Mid November 2006. I arrived at the GMAT center 15 minutes before the scheduled time. Before entering the room, I had to take all my personal items, including wallet, cell phone, pen and even my jacket. I was driven to a small white room with about 10 computers and one camera in each corner of the room. It is definitely not the most stress free environment.
I had scheduled the GMAT without knowing exactly why I needed it. For a while, I had been thinking about taking an MBA and how it could be an interesting thing to do as means of getting new job opportunities, but I wasn’t really sure about it. So I went to take the test just to see if I could get a bit more than 600. At the time, I thought that was the minimum score I should have if I intended to apply to a good school. Basically, I was trying to earn an option of applying to a good school. If my GMAT score was low, I knew an MBA wasn’t the way.
I think the biggest difficulty in taking the GMAT is managing the anxiety. It is quite stressful being in a small room with cameras pointed at you and knowing that you have limited time to answer each question. Any slip can cost you a lot in the final score.
So I didn’t start it very well. In the first couple of questions I spent too much time struggling against my own fear of failure. After seeing that if I kept that nervous for the rest of the test, I would really fail any chances of having a reasonable score, I switched to “nothing to loose mode”. That is, if I had started well, it meant I had a lot to loose in the next questions, as my score was high at that time. But starting so badly, I thought at that time I had ruined all my chances of having a good score, so my anxiety disappeared completely and I just kept answering questions without fear of failing (cause I thought I had already failed….our mind is a tricky thing, isn’t it? And mine is even worst!).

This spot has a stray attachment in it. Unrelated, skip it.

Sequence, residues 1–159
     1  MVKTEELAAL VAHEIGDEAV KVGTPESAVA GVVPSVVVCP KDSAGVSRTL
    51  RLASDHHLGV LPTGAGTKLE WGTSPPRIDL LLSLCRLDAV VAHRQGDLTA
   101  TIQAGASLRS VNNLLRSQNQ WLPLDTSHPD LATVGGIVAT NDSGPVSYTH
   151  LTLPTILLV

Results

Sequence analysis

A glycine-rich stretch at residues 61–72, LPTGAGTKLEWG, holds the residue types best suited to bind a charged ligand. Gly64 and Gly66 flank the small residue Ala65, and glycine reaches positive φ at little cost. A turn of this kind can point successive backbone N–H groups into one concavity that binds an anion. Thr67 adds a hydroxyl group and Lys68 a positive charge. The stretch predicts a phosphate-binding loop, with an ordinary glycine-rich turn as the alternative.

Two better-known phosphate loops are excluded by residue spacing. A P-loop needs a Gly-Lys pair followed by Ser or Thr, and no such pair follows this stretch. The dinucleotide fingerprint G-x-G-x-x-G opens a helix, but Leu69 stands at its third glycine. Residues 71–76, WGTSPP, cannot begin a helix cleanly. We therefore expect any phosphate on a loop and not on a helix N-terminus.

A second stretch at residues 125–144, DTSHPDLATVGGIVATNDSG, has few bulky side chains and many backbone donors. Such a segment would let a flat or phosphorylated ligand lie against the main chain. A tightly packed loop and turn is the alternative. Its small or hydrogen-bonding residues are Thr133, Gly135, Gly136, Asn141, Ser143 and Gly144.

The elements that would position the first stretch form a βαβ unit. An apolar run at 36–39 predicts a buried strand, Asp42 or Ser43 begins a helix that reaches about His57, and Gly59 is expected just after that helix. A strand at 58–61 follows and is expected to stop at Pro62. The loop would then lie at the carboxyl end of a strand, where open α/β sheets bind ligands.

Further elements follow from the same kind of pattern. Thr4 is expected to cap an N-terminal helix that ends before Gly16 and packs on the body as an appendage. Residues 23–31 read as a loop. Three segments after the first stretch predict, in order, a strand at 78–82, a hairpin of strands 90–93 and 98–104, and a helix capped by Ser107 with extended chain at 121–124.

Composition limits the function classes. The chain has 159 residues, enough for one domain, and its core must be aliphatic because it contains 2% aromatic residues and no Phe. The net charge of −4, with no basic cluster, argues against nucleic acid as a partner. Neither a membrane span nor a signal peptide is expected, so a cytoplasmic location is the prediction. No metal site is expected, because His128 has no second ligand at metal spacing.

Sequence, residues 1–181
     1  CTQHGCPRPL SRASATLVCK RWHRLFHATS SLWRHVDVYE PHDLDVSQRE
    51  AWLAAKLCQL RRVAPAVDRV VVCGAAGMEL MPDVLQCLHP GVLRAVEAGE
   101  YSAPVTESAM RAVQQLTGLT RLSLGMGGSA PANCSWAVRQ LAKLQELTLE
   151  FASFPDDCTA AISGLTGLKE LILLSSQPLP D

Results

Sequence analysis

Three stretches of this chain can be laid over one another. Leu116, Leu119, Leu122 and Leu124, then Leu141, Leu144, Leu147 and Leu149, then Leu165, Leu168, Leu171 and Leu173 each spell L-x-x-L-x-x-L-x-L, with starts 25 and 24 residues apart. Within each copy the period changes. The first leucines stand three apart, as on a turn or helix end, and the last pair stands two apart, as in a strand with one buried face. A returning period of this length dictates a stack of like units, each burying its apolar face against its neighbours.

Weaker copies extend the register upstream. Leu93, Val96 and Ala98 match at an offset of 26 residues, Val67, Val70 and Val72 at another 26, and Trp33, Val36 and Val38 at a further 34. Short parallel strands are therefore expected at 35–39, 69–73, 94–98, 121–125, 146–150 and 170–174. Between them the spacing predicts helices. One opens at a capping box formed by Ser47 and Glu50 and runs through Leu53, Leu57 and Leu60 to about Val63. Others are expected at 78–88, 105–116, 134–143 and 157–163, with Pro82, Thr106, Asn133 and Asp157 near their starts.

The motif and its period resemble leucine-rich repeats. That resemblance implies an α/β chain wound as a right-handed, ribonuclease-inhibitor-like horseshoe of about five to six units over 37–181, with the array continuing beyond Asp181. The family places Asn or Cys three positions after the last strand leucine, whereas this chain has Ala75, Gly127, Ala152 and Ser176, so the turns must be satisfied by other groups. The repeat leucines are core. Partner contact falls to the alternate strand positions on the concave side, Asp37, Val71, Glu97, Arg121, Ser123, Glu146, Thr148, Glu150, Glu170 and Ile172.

By the end of the test, we are supposed to click if we want to see the score, and make it valid, or don’t see it and cancel it. I thought a long time before I clicked. I thought I had failed my goal, so I wasn’t sure what the best course of action was. I was thinking of cancelling it….but if I cancelled it, I had to do it again. If I failed, I had to do it again also. Either way, I had to do it again. The only difference was it wouldn’t count for my exam history. So I took my chances and I clicked yes. And I’m glad I did it. Turns out I’m quite pessimistic regarding my performance in exams….and after well, I hadn’t performed that badly. I got a great score (the first digit was a 7!).
But what I really got with that exam was an option. An option to apply to whatever school I wanted to.